+ By Leigh Glenn + Photography By Alison Harbaugh
In the mid-1960s, filmmaker Mark Hildebrand’s family moved to Annapolis’ Wild Rose Shores neighborhood, across from then-Londontowne, which fed his imagination. He grew up in music—first piano, then trumpet, from elementary school through college. But after three years of music education at the University of Maryland, he switched to business but never finished.
After waiting tables and tending bar, he went into automobile and then health insurance. That led to his running a trade association benefits program and enabled him to buy a house. The work failed to nourish his creative energy, so he turned to community theatre, and then film with Starship Farragut, a group of DC–area Star Trek fans, and later served as a film festival screener.
In 2009, Hildebrand launched the nonprofit Make Your Mark Media to support his films. Today, he works parttime for the City of Annapolis television station, City TV, which includes filming city council meetings and preparing for a film about the legacy of Queen Anne. He is best known for Anthem: The Story Behind the Star-Spangled Banner, which has been viewed by millions of people on Maryland Public Television, PBS, and now Amazon Prime, and Brookeville: Capital for a Day. Here, he shares how that work came to be.
Up.St.ART Annapolis: Tell us about where you grew up and your earliest influences.
Mark Hildebrand: Wild Rose Shores is on a peninsula, so no through traffic, a paradise for a kid. Luckily, there were a dozen or so kids within a few years on either side of me, and we had the run of the neighborhood, jumping into the creek and the South River. What we did usually involved the water—fishing, crabbing. We’d play army and “stranded on a desert island,” football, softball, tag, and flashlight tag after dark. A lot of fantasy play—Dungeons & Dragons. The idea of sitting around and creating a world, describing things to people, putting yourself in a different frame of mind—that appealed to me. In school, Alice Harper was the band teacher at Annapolis Junior High, seventh to ninth grade. She taught us integrity, poise, and helped develop some amazing musicians.
UA: It’s obvious from your films that you have an abiding interest in history.
MH: In the 1970s, I was helping my mom at an outdoor event at Londontowne [today’s Historic London Town and Gardens]. We both dressed in early American outfits. While there, a reenactment group was shorthanded. I asked if I could help, and they had me carry the cartridge to the front of the cannon. I got heavily involved in reenacting during the bicentennial, including the Battle of Yorktown. I always found history I couldn’t relate to incredibly boring. But with early American history, I could close my eyes. I could understand how Alexander Hamilton felt as he charged the redoubt at Yorktown.
UA: What drew you into filmmaking?
MH: Filmmaking didn’t come until a little more than 10 years ago. I sold my house right before the housing bubble burst, in 2004, and paid off all the debt I’d been carrying. I had a little money set aside and I was turning 40. I said, “This is going to be the decade when I’m going to be creative and I’m going to be artistic.” I got much more involved at Colonial Players and Annapolis Summer Garden Theatre. I’ve been a Star Trek fan my whole life and heard about Starship Farragut. I got to play their Klingon and then wrote, directed, and edited an episode where the captain meets George Washington, whom I also portrayed. Later, after screening hundreds of films for the Utopia Film Festival in Greenbelt, all the fear began to disappear for me. I could make something as good as that. Why not?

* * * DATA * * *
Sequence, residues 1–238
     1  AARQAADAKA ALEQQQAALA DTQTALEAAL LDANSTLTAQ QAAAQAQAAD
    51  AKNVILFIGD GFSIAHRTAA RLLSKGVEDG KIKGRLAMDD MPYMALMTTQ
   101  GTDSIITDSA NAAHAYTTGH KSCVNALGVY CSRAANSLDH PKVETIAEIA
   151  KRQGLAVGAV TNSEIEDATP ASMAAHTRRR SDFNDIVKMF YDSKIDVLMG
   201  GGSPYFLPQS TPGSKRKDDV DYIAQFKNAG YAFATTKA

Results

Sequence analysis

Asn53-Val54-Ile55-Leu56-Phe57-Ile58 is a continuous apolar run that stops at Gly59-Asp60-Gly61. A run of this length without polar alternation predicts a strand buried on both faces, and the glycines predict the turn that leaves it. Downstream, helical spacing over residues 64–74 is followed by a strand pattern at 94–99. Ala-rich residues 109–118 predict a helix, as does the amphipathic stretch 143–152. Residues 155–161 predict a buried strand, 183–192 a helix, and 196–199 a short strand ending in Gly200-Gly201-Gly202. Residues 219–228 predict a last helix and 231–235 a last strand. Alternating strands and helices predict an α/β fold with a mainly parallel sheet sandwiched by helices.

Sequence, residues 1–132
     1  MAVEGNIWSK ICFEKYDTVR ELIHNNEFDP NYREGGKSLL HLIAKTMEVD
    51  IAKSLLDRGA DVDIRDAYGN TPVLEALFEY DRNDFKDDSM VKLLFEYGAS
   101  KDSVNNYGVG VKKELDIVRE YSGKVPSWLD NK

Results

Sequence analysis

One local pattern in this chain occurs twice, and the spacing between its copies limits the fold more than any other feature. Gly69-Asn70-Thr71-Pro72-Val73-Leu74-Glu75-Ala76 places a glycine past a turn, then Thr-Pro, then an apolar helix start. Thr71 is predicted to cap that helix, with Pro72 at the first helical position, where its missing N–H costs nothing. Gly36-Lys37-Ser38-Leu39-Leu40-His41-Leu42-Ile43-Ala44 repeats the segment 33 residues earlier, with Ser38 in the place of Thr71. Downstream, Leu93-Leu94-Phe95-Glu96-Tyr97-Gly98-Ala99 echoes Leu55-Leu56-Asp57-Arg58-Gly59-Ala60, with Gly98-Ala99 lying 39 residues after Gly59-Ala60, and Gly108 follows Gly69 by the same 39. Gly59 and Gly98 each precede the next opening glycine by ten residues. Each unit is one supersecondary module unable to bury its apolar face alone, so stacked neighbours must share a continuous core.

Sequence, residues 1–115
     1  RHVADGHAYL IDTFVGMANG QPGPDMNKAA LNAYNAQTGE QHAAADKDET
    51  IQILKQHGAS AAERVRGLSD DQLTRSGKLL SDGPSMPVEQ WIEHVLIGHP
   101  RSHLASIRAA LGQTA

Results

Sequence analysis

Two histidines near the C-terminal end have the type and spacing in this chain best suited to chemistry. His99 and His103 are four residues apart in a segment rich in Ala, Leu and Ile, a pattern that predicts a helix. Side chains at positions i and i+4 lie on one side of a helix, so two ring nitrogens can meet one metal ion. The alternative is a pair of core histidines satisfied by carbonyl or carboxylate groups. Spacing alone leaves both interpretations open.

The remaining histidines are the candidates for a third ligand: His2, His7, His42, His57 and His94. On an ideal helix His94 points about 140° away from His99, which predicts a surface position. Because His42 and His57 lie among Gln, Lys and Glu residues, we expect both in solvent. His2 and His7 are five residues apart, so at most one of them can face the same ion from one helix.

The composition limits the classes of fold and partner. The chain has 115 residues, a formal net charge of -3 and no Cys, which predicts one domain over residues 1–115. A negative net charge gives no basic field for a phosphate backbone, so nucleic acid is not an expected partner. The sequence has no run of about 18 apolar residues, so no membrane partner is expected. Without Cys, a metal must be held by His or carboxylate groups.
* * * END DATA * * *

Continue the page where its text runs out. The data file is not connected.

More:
UA: What was the genesis for Anthem?
MH: I asked myself, “Why don’t I follow my brother and sister in-law [David and Ginger, who specialize in colonial music] and listen to a couple of their lectures and put together a companion DVD for their music CDs?” It was 2010. There was a lot of buzz around the 200th anniversary of “The Star-Spangled Banner.” Why not tell the story of where the melody came from? The more I learned, the more I thought, “This is a stand-alone film.”
UA: And Brookeville?
MH: Brookeville happened because of Anthem. The town of Brookeville, Maryland, had gotten a grant to make a documentary: “Would you make it for us?” But a major challenge was taking their idea of what they wanted and turning it into something that would tell a story—not a travelogue, but the story of [President James] Madison’s three nights on the run from the British.
UA: The figure of Francis Scott Key, like others in the Mid-Atlantic and the South, has drawn greater attention lately as more people see past inequities through the lens of the present.
MH: Several years ago, a lead pastor at a megachurch in California made a patriotic YouTube video, with music from the movie Patton, about Key, telling a story about how, during colonial days, Key rescued 100 prisoners on a boat in Baltimore. He massacred the facts. But look at the video comments: one person noted that the incident with Key happened in 1814. A comment to that was, “Why do you hate freedom?” That’s the debate we’re faced with today—misinformation, instantaneous assumptions, and judgments without caring about the facts. I have no problem with monuments being taken down that were erected in the Jim Crow era with the intention of keeping African Americans in their place. The Key monument was erected at the time to honor a man for writing that anthem. He had slaves. He has a complicated history like Thomas Jefferson has a complicated history. When it comes to film, if you can watch something and say, “I want to know more about this person, I want to find out more about what was going on at that particular time,” that’s great. That’s what Star Trek did for me—educated me on a bunch of issues. You walk away with a moral lesson you didn’t know you got, and what better medium than film to deliver that? █